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7:31 AM 7th October 2020

Mental Health During A Pandemic

How are you today? Even without the added strain of Covid-19, it can be a challenge to maintain good mental wellbeing. There are so many pressures and responsibilities to deal with.

For those who have ongoing mental health problems, this can be worsened by feeling overwhelmed and isolated. For those who have never experienced poor mental health, the big changes that have come about as a consequence of Coronavirus can result in mental illness. For example, worrying about family that you can’t visit, dealing with changes to your routine or not being in control of what is happening.

This is not a sign of weakness. Just as we are all susceptible to physical illness, our minds are vulnerable to situations that are challenging or out of our control.

Just like a computer holding too much information with files placed in the wrong folders, we need to allow ourselves time to defrag, to let our brains adjust to the changes and uncertainty that we are experiencing.

“Anxiety and depression don’t show so the outside world thinks we’re ok. A lot of us try to hide it and still don’t talk about it."

The first thing is to acknowledge that there is a problem with our mental health. Although it is known that we are formed of body and mind, too often mental illness is considered a weakness. It is the resulting stigma and discrimination that prevents people with poor mental health talking to someone. They may say that they are fine when really they are not.

The necessary first step of asking for help is prevented by feeling ashamed and the fear of being wrongly judged. “Anxiety and depression don’t show so the outside world thinks we’re ok. A lot of us try to hide it and still don’t talk about it." When someone is mentally unwell, their confidence and courage are low. With the added pressure of unjustified stigma, they do not take the essential step of talking openly about what they are experiencing and getting help.

In the worst case scenario, this can lead to someone ending their life. It is likely that the signs that they are mentally unwell were there - being withdrawn, unexpected changes in routine, loss of interest, substance misuse.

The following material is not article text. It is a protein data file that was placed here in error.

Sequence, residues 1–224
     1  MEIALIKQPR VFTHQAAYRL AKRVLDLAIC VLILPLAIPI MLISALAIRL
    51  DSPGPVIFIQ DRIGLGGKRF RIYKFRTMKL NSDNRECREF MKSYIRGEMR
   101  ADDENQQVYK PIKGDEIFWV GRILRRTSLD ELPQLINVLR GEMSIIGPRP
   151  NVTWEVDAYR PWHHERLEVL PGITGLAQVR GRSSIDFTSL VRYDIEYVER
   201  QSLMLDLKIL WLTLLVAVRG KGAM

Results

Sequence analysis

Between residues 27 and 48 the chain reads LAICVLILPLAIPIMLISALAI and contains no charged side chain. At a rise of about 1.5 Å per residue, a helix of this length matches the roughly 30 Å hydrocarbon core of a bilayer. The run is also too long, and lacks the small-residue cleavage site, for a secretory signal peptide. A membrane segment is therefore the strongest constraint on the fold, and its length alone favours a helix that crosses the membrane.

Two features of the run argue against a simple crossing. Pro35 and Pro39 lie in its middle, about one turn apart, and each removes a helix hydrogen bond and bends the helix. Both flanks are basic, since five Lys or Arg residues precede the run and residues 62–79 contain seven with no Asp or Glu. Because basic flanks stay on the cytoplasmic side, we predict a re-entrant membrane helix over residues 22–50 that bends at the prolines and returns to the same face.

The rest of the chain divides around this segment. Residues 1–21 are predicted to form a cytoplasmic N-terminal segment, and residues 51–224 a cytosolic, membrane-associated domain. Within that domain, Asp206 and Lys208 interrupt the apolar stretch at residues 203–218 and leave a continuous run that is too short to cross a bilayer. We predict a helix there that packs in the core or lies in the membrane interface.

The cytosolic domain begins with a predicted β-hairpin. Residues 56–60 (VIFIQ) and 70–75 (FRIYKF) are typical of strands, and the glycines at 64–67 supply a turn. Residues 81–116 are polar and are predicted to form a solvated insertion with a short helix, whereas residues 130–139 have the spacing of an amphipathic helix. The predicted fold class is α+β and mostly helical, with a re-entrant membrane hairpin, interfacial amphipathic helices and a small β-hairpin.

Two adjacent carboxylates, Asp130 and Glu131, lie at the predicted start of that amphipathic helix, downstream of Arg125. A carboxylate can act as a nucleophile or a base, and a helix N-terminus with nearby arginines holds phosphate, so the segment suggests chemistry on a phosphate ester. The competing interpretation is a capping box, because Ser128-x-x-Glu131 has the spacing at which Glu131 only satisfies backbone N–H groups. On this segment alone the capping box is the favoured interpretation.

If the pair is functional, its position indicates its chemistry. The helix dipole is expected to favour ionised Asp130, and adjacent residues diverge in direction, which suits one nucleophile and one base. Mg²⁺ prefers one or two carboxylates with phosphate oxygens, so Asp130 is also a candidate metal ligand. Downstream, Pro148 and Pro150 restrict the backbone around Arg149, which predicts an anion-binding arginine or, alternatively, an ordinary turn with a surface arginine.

We are all encouraged to learn basic medical first aid to save a life. We learn the signs and symptoms and methods to help someone who is physically unwell or injured. In the case of mental illness, we can also learn to read the signs – to know when someone is struggling and understand how to reach out. If we do this without stigma, we can ask the right questions, listen to the answers without making unhelpful comments and guide someone to professional support.

During the pandemic, it has been inspiring how many people have shown amazing acts of kindness and compassion to others – often towards people they have never met before. This gives us confidence that the same acts of kindness can be shown towards people with poor mental health. This will ensure that these potentially life-saving conversations become as natural as talking about our physical health. “It’s good to talk with people rather than bottling things up.”

It is estimated that 1 in 4 people suffer from poor mental health over the course of a year.

Everyone has a part to play in ending stigma and discrimination in mental illness. We will all benefit from mental health being an accepted part of who we are.

When asked the question ‘how are you?’ we can give an honest answer, without fear of the questioner backing off, making light of the situation or trying to change the subject.

If you have faced mental health stigma, either recently or in the past, please join North Yorkshire Time to Change – a network of individuals and groups with the shared message that it is good to talk. Together we can get more conversations started across the county.

If you have never experienced poor mental health, learn more about mental illness and how to support people. It is estimated that 1 in 4 people suffer from poor mental health over the course of a year. This is likely to have increased due to Coronavirus. We are all susceptible to mental illness just as we are to physical illness. None of us are immune to becoming mentally unwell and, as this pandemic has shown, life is full of potential triggers.

Learning about mental health enables us to be prepared to help others and to help ourselves should the need arise.